My apologies for the long delay in posts. I have been working on various 1ft=12inch projects. One of which included a weekend learning timber framing. I liked the instructor’s format of discussing the project on a grand scale and moving to the one timber of part of the first barn bent to be constructed. We discussed the tools advantages, disadvantages, how to maintain ones tools. We discussed at length what side of the post would be the reference point.
We probably spent the first hour discussing the importance of this one point, what side of the timber will be the reference point and why. Is that side square and straight. What about the esthetics of the sides that would be visible. Out of the experience, I couldn’t help but wonder is there something that crosses into model railroading?
I realized that initial time spent checking the timber sets the tone for the project, even the discussion is this timber good enough for the intended purpose of the end result of the building. It was baby step, one on a journey of many steps with the final product a building. Perhaps my modeling could take a point from this process. The story I wish to tell, is it straight, square on all sides, is one side the best side to be visible? Is it the “right timber” to tell the story?
What story am I trying to tell others with Beckleysville? I want to tell the story of a 30 inch gauge railway and it’s connection with a small farming community in rural northern Baltimore County in late Spring 1914. The Northern Maryland Railway is freelance in gauge and location. Thirty inch gauge was not used as a common carrier in the United States, so I am starting off with a compromise. The two closest narrow gauge common carriers, the East Broad Top and the Lancaster, Oxford, and Southern were both 36 inch gauge lines.
Why is the Northern Maryland 30 inch gauge and not 36 inch gauge? “Its my railroad and I can do whatever I want!!” Not a very good response. The obvious answer, I like the Eastern Tennessee and West North Carolina’s ten-wheelers and it just so happens that Bachmann makes them in On30. The not so obvious is that 30 inch gauge was used outside the United States and by some large railroad companies. The story I am telling is a wishful one, that not only did narrow gauge survive in the United States, but also 30 inch gauge was used by some companies.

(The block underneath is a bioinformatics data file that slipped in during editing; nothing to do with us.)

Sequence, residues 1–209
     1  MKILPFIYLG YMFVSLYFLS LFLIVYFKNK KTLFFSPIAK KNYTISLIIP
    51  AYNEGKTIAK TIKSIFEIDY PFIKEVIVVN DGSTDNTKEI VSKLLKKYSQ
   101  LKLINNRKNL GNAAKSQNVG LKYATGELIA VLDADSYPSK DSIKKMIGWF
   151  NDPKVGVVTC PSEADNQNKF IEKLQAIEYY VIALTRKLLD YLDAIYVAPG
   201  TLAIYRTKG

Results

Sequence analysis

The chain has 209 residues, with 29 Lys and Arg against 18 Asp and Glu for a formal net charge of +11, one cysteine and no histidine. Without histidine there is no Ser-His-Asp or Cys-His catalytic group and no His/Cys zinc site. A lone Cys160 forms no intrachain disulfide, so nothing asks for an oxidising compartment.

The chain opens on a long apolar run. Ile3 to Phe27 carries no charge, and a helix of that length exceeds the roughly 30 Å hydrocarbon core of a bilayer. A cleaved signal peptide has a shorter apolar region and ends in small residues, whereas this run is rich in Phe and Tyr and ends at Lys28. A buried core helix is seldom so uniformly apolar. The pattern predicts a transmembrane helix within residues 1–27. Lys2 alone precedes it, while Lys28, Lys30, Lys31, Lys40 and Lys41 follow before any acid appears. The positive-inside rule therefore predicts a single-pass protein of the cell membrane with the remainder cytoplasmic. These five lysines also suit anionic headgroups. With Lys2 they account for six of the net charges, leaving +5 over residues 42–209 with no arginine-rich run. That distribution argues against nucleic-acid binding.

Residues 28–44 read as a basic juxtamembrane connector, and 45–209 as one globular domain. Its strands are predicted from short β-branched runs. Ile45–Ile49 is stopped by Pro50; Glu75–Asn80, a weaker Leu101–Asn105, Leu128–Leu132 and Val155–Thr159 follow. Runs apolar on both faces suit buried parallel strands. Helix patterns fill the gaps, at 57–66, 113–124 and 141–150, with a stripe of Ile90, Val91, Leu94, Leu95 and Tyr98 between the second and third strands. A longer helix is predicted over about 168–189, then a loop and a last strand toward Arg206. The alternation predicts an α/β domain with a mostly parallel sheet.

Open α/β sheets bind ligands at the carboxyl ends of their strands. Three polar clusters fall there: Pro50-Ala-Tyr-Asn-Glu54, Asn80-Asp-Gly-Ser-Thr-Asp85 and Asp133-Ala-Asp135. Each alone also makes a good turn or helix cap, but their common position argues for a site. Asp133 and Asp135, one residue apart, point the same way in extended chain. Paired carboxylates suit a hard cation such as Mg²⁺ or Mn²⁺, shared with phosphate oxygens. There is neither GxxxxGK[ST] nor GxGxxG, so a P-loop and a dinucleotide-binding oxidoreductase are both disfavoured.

If a Beaver a Creek Models Virginia and Truckee #27 had been available or if a Ma & Pa # 6, or Stewartstown RR #5 were produced in O scale perhaps Beckleysville would be a P48 model set a little later in the pearly 20th century. However, those engines are not available and I thought the story of a little narrow gauge railroad and a small farming community would be one I would like to model. That said, there is nothing to say the thirty inch O scale layout cannot be built to a finescale standard and bring many hours of enjoyment.
Location, location, location. Just happens I decided the Northern Maryland would have an east to west “main line” in an area of Maryland that had no rail service. Why, well there were only farms and small mills that dotted the northern section of Baltimore county. Not much business for a large standard gauge common carrier, but enough for a narrow gauge railway. The small village of Beckleysville exists, if only a four way intersection with a few houses now-a-days. However by borrowing different plausible features of the immediate area, the scene works. So in the end, location, the idea of narrow gauge prospering in the United States, and the Bachmann On30 ET&WNC ten wheelers steered me to a plausible imagineering project. Certainly a standard gauge carrier could have existed, the Stewartstown RR is a fine example of a small “Farmer’s railroad.”